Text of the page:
Carmen also saw some interesting developments in 2009. These included image editing and the ability to update plugins in bulk.
Version 3.0: Thelonius
2010 saw WordPress scooping up another prestigious award.
The only update this year was Thelonius. We now had more customization options, and the updates for plugins were improved.
Version 3.1: Reinhardt
This update in 2010 saw the addition of the admin bar and post formats.
Version 3.2: Gershwin
This version saw a change in user requirements. Users had to upgrade to MySQL 5.015 and PHP 126.96.36.199 at the very least. Gershwin gave us a faster version of the software and reduced the overall usage of resources.
Version 3.3: Sonny
The final update in 2010 saw WordPress focus more on beginners. The usability became easier, and the platform became more intuitive.
Version 3.4: Green
Green came out in 2012. This version allowed users to customize themes and also test them before they went live.
Version 3.5: Elvin
In 2012, Elvin saw a new media manager come onto the scene. A theme was created to display optimally on mobile.
Version 3.6: Oscar
Oscar in 2013 saw the introduction of video and audio support and several other improvements related to these forms of media.
Version 3.7: Basie
Basie heralded a new age for the platform’s security in 2013. Security and maintenance updates could now be automatically applied. The company also built in a password strength gauge.
Version 3.8: Parker
This saw the modernization of the admin panel. You could now also use color schemes.
Version 3.9: Smith
In 2014, Smith focused on improving the user’s media experience. It also made it easier to add media. Finally, you could now browse themes within the editor.
Version 4: Benny
Benny added previews when users were adding content from sites like YouTube. The editing and media functions were improved.
Version 4.1: Dinah
Dinah introduced language installation allowing you to switch between 40 global languages. It was the last update of 2014.
Version 4.2: Powell
Powell in 2015 allowed users to use emojis, and other characters. Users were now able to integrate Kickstarter or Tumblr.
Version 4.3: Billie
Billie saw things become easier with some shortcuts added. Users had better password protection.
Version 4.4: Clifford
Clifford made it possible for embeddable posts and responsive images. It was the last update for 2015.
Version 4.5: Coleman
Coleman added previews for desktop, mobile, or tablet. Users could now use their own logos.
Version 4.6: Pepper
Pepper focused on improving speed. Adding themes, activating plugins, and updating plugins could now be done from one screen.
Version 4.7: Vaughan
Vaughan was the last update for 2016. It provided more modern features. You could now choose to customize more bulk actions.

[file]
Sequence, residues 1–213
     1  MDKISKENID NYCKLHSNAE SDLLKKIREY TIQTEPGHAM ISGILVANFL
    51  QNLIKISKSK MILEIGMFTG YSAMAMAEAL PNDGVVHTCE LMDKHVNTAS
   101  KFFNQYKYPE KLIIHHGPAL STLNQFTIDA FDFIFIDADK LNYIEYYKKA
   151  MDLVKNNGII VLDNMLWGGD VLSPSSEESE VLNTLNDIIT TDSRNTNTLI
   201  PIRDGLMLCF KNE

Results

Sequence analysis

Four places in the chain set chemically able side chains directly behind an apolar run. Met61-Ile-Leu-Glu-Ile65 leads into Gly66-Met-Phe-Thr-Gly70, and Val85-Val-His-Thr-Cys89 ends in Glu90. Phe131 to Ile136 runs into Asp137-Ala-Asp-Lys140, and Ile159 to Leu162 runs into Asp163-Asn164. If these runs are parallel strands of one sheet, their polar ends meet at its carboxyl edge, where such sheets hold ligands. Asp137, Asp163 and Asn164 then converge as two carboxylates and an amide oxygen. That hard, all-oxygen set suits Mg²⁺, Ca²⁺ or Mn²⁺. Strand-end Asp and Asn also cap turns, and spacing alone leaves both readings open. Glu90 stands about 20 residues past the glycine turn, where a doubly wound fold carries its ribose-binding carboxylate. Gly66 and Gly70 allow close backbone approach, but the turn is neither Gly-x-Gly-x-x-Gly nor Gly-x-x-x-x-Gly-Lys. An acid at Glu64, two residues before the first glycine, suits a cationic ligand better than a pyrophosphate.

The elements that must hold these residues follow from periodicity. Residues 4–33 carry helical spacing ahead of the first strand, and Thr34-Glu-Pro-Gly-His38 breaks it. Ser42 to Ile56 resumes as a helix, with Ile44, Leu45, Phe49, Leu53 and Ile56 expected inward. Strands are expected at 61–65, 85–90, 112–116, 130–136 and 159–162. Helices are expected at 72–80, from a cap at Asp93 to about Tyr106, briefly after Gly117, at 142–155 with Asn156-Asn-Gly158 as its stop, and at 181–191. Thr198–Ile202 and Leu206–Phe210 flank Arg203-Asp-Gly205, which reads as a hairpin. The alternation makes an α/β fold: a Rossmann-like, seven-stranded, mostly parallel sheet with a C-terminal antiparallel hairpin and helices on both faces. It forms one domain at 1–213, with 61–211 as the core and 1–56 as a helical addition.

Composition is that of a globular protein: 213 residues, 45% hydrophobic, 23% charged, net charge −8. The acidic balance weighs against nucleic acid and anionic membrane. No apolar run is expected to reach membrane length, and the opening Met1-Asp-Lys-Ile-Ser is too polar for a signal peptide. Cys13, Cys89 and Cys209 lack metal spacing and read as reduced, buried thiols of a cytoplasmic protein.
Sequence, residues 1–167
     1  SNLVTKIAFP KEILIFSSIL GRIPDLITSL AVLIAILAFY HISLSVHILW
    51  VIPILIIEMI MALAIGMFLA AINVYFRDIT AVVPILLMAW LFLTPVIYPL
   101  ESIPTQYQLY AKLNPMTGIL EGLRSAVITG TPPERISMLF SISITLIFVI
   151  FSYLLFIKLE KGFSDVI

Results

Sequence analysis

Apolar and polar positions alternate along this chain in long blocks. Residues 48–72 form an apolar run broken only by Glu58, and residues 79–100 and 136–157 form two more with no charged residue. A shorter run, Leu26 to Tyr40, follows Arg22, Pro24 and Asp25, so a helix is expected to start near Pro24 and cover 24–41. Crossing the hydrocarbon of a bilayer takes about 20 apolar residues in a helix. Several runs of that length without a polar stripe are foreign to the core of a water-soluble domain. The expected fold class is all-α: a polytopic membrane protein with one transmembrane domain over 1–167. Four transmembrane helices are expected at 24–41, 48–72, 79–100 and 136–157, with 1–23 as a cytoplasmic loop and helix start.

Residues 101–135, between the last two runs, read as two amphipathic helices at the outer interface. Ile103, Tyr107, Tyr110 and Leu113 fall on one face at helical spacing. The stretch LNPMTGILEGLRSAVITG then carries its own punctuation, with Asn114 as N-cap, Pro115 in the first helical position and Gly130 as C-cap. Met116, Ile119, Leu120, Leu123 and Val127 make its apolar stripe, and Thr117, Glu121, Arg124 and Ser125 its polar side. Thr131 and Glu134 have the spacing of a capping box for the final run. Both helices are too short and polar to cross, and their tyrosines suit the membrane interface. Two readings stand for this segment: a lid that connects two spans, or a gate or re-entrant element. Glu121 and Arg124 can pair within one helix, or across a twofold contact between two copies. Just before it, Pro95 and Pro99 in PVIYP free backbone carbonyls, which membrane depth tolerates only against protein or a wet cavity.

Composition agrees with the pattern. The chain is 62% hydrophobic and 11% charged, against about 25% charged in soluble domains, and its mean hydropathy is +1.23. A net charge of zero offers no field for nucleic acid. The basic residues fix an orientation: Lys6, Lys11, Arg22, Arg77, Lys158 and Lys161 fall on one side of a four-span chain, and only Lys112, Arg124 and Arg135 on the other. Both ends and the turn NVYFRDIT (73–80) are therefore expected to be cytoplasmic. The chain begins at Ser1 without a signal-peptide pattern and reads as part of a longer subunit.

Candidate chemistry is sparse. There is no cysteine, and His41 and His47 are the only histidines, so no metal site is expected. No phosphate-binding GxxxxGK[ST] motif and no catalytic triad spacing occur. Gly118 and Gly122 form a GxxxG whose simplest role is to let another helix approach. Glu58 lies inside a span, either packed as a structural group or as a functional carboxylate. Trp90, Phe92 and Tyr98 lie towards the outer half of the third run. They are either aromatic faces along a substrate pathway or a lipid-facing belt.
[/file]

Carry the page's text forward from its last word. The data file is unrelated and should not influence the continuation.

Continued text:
Version 4.8: Evans
2017 saw a lot of new widgets being added and an improvement of different functionality.
Version 4.9: Tipton
Tipton rounded off updates for 2017. This update focused on better user experience. You could also lock designs to prevent two collaborators working on the same changes.
Version 5.0: Bebo
Bebo is the latest of the rollouts and the last since 2018. The primary improvement was a block-based editor.
Community Support Played an Important Role
There’s little question that using a GPL license was a big contributing factor in the company’s success. WordPress took things a step further by sharing details about how the platform worked.
This not only improved the platform’s popularity but also allowed community developers to suggest useful upgrades. WordCamp, started in 2006 and run since then, provided an opportunity for developers to collaborate on different upgrades.
If something doesn’t make sense to users, they can turn to the community for support and advice.
The Growth of the Platform
The platform has grown from strength to strength. Over the last few years, WordPress has increased its market share to 35% of all websites published. Considering that the platform is now over 15 years old, this new growth is impressive. See for yourself in the chart below.
Statistics Sourced from W3 Tech
Today, there are over 20 billion pages using WordPress.
Plugins and Themes Changed the Experience
Plugins made it even easier for those with no technical expertise. Just choose the plugin for the functions that you liked, and the coding was done for you.
The most popular of the WordPress plugins is known as Jetpack. Jetpack provides extra security through locking sites when someone tries to gain unauthorized access. Jetpack also improves functionality.